Investors looking for income will find quality investment opportunities in large, fee-based businesses. Infrastructure-related industries are home to many companies with such business models as companies seek to generate predictable long-term cash flows as a reward for the massive up-front capital expenditures required to build and maintain assets such as cell towers, utility distribution networks, and energy pipelines.

Two above-average income stocks that generate fee-based business from infrastructure assets are Brookfield Infrastructure Partners L.P. (NYSE:BIP) and Kinder Morgan (NYSE:KMI), which offer shareholders distributions yielding 4.6% and 3.2%, respectively. (If the latter comes through on long-held plans to increase its per-share payout in 2018, then the current yield would jump to 5.3%.)

Both handily beat the yield of the S&P 500, but what if investors had to choose just one? Is the broader, global infrastructure portfolio of Brookfield Infrastructure Partners the better bet, or should investors put all their chips on booming North American energy production with Kinder Morgan?

A man wearing a suit and boxing gloves.

Image source: Getty Images.

The matchup

While both companies own energy infrastructure assets, that's about where the similarities end. Brookfield Infrastructure is one of the worlds largest publicly traded owner of energy-distribution networks around the globe, in addition to cell network towers, toll roads, ports, and even timberland. It's one of the few pure-play infrastructure investments available to individual investors -- and it hasn't disappointed.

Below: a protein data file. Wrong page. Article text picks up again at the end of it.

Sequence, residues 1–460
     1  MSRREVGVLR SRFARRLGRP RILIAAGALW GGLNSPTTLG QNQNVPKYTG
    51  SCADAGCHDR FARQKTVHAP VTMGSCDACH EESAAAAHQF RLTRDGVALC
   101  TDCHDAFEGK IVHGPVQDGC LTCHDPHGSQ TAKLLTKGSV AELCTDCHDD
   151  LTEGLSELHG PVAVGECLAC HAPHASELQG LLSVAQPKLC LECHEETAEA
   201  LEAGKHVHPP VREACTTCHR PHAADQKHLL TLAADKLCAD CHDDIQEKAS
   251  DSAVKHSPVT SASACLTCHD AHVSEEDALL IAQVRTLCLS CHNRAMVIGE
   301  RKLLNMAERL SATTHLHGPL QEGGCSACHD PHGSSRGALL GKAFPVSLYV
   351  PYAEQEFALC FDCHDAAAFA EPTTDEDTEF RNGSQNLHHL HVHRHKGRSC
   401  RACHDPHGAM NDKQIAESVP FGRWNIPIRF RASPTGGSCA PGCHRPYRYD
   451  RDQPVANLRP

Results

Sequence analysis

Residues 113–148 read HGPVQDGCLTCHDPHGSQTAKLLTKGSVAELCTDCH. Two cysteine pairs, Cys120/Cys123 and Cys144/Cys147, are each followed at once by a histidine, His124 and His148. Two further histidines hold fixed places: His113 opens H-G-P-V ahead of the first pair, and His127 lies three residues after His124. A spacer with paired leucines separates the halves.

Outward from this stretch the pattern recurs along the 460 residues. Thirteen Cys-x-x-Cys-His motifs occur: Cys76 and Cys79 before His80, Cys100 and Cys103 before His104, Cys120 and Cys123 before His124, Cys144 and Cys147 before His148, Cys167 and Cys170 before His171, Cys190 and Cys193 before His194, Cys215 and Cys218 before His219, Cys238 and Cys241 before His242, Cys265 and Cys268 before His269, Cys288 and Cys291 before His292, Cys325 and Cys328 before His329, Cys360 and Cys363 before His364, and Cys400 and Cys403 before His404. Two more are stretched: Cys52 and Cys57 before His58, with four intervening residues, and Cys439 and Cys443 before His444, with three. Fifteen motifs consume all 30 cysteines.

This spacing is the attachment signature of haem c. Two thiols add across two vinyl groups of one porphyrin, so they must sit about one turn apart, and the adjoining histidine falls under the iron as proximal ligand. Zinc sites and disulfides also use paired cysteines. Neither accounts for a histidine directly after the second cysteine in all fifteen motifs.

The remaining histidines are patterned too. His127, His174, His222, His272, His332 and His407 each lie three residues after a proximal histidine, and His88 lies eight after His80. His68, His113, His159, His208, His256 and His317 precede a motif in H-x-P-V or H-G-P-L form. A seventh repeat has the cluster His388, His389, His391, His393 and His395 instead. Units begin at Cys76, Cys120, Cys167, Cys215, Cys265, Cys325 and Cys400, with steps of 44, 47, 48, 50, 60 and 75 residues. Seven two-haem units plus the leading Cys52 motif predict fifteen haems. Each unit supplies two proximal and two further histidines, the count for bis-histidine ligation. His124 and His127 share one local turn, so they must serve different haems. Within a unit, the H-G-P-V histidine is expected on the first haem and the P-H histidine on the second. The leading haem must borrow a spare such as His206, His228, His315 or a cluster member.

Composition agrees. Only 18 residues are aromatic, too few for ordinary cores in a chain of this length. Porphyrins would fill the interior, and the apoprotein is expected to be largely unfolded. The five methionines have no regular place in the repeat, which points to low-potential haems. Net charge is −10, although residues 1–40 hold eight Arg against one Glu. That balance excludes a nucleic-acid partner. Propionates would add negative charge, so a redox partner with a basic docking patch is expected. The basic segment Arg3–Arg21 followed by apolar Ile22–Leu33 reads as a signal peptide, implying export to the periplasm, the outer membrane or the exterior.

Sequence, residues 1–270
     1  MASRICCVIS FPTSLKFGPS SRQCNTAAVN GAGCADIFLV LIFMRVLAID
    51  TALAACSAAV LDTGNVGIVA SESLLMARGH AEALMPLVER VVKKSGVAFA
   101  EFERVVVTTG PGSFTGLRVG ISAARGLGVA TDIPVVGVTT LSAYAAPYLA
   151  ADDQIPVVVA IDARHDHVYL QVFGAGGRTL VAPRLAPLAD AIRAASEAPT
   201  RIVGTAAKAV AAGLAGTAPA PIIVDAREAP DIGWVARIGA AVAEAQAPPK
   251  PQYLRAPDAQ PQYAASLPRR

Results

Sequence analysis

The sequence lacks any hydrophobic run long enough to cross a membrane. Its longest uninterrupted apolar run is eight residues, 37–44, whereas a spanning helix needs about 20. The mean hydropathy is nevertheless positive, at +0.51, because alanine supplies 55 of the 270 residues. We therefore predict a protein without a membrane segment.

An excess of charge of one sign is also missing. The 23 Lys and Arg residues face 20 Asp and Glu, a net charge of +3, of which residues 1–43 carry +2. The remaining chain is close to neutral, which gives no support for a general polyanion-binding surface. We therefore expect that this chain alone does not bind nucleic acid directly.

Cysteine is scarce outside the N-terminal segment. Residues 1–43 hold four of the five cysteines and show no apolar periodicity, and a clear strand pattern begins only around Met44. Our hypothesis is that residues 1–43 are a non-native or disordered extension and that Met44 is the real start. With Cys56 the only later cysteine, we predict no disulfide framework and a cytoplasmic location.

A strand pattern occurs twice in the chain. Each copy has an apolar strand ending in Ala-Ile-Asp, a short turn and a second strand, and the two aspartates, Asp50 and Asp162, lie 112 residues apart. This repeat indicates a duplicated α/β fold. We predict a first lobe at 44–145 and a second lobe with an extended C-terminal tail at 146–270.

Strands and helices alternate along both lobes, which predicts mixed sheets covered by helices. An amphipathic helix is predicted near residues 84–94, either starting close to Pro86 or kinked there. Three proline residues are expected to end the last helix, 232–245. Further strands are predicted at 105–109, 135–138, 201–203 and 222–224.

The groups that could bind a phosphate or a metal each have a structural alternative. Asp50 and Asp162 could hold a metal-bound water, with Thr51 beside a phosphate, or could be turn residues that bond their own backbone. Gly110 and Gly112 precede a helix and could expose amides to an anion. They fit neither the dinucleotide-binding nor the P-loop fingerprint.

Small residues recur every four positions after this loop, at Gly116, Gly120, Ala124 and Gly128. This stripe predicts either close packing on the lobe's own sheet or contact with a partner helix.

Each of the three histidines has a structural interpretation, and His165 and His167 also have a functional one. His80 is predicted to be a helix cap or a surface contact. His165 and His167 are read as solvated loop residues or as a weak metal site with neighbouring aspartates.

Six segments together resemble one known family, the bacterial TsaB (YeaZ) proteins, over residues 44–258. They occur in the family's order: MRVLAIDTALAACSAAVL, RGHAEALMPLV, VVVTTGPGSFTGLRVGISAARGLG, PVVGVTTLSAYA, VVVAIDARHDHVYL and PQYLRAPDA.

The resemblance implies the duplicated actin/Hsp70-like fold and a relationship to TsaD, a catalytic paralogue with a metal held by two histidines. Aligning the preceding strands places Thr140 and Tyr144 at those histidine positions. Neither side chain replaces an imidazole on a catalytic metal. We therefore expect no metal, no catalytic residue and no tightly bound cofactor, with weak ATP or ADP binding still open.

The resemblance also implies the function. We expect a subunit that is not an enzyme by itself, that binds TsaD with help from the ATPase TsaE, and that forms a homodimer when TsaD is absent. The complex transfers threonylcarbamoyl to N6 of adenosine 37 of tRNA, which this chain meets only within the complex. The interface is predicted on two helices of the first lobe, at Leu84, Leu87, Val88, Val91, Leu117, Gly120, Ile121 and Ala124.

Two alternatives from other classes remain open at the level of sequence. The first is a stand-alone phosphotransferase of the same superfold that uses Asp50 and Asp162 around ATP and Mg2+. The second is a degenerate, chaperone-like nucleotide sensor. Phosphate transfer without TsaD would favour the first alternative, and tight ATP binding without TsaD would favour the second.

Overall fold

Shares of Brookfield Infrastructure have had no problem beating the S&P 500. In the last 10 years, the stock has more than doubled the total returns of the index, 289% to 132%. Proving the importance of returning cash flow to shareholders, over 115% of the returns in that span have come from the distribution alone. How does it do it? Growth in the last decade was driven by a steady stream of acquisitions in core areas and new markets. After gaining a foothold, additional smaller purchases and upgrades have slowly expanded its footprint over time.

For example, Brookfield Infrastructure recently invested $100 million gobbling up toll roads in India, which more than doubled the portfolio. It's also looking to expand its presence in the country's communications industries as well, by bidding on cell towers, an area in which it's already a leader in the United States. Management sees similar opportunities in ports, energy, water utilities, and renewable power industries worldwide.

A pipeline.

Image source: Getty Images.

Meanwhile, the total returns of Kinder Morgan were holding their own against the S&P 500 up until 2015 when the management was forced to course correct. Energy prices collapsed, transport volumes dried up, creditors became wary of the pipeline operator's leverage ratios, and the company was forced to slash its distribution to clean up its balance sheet. Shares have dropped 60% in the last three years.

The good news for investors is that the hard part is over now. Kinder Morgan met its deleveraging goals (although it still boasts a higher leverage ratio than most peers) and, as transported volumes of oil and gas pick up across its continent-spanning network, is looking to distribute more of its cash flow to shareholders again. That includes boosting the distribution 60% in 2018 and repurchasing $2 billion worth of shares.